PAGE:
The Twelve Caesars was written based on the information of eyewitnesses and public records. It conveys a very accurate picture of court life in Rome and contains some of the raciest and most salacious material to be found in all of ancient literature. The writing is clear, simple and easy to understand, and the numerous anecdotes of juicy scandal, bitter court intrigue, and murderous brigandage easily hold their own against the most spirited content of today's tabloids.
"A pleasure to read..."
As private secretary to the Emperor Hadrian, the scholar Suetonius had access to the imperial archives and used them (along with eyewitness accounts) to produce one of the most colorful biographical works in history. The Twelve Caesars chronicles the public careers and private lives of the men who wielded absolute power over Rome, from the foundation of the empire under Julius Caesar and Augustus, to the decline into depravity and civil war under Nero and the recovery that came with his successors.
"Heavily modified and softly translated"
Suetonius wrote his Lives of the Twelve Caesars in the reign of Vespasian around 70AD. He chronicled the extraordinary careers of Julius, Augustus, Tiberius, Caligula, Claudius, Nero, Vespasian, and Domitian and the rest in technicolour terms. They presented some high and low times at the heart of the Roman Empire. The accounts provide us with perspicacious insights into the men as much as their reigns.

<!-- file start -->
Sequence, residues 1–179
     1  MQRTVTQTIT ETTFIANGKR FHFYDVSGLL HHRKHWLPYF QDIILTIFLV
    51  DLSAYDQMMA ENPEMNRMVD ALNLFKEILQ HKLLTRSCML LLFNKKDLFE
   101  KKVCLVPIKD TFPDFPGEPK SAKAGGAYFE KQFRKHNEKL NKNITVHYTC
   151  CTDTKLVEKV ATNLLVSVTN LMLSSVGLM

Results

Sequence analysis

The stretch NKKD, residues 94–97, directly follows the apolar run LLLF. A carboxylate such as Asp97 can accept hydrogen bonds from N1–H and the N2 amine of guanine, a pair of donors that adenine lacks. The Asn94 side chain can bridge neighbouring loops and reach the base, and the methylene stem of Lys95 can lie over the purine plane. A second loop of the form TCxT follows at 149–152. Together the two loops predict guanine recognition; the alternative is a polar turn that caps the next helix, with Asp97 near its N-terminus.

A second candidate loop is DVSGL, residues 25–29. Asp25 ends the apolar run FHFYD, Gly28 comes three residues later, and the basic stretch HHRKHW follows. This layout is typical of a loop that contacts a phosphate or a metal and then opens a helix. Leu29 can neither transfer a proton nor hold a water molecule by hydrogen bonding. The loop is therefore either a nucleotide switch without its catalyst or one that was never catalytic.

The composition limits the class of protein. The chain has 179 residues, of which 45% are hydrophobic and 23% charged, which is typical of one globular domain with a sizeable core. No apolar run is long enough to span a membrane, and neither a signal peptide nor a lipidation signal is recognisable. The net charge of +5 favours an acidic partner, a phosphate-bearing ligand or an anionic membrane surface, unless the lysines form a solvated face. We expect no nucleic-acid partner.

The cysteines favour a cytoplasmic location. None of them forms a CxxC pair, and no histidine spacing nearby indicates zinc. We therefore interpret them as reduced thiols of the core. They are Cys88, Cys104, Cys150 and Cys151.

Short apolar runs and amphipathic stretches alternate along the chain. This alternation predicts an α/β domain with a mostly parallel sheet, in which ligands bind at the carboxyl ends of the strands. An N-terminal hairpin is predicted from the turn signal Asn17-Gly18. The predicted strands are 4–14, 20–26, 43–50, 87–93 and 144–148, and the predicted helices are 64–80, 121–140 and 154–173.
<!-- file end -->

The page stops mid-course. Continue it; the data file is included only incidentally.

The emperor Caligula was one of the strangest and cruelest rulers that ever lived, and most of what is known about his reign comes from Suetonius. The first six months of his reign appear to have been moderate and successful; but after that, he fell into a spiral of sadism, sexual perversity, and plain insanity that made him one of the most hated tyrants of all time.
The emperor Nero's reign is one weird tale of sexual depravity and extravagant sadism. He was a gifted musician, and is said to have given great concerts of which attendance was compulsory; women were said to have given birth during the performance, and men were driven to fake death to escape. Nero kicked his pregnant wife to death and then had a young boy castrated to replace her as his spouse; then, during the great fire of Rome, he is said to have played the lyre to emphasize the beauty of the destruction. His eccentricities are a continuation of the tradition of his predecessors, only more perverted; Suetonius' account portray a strange man in strange times.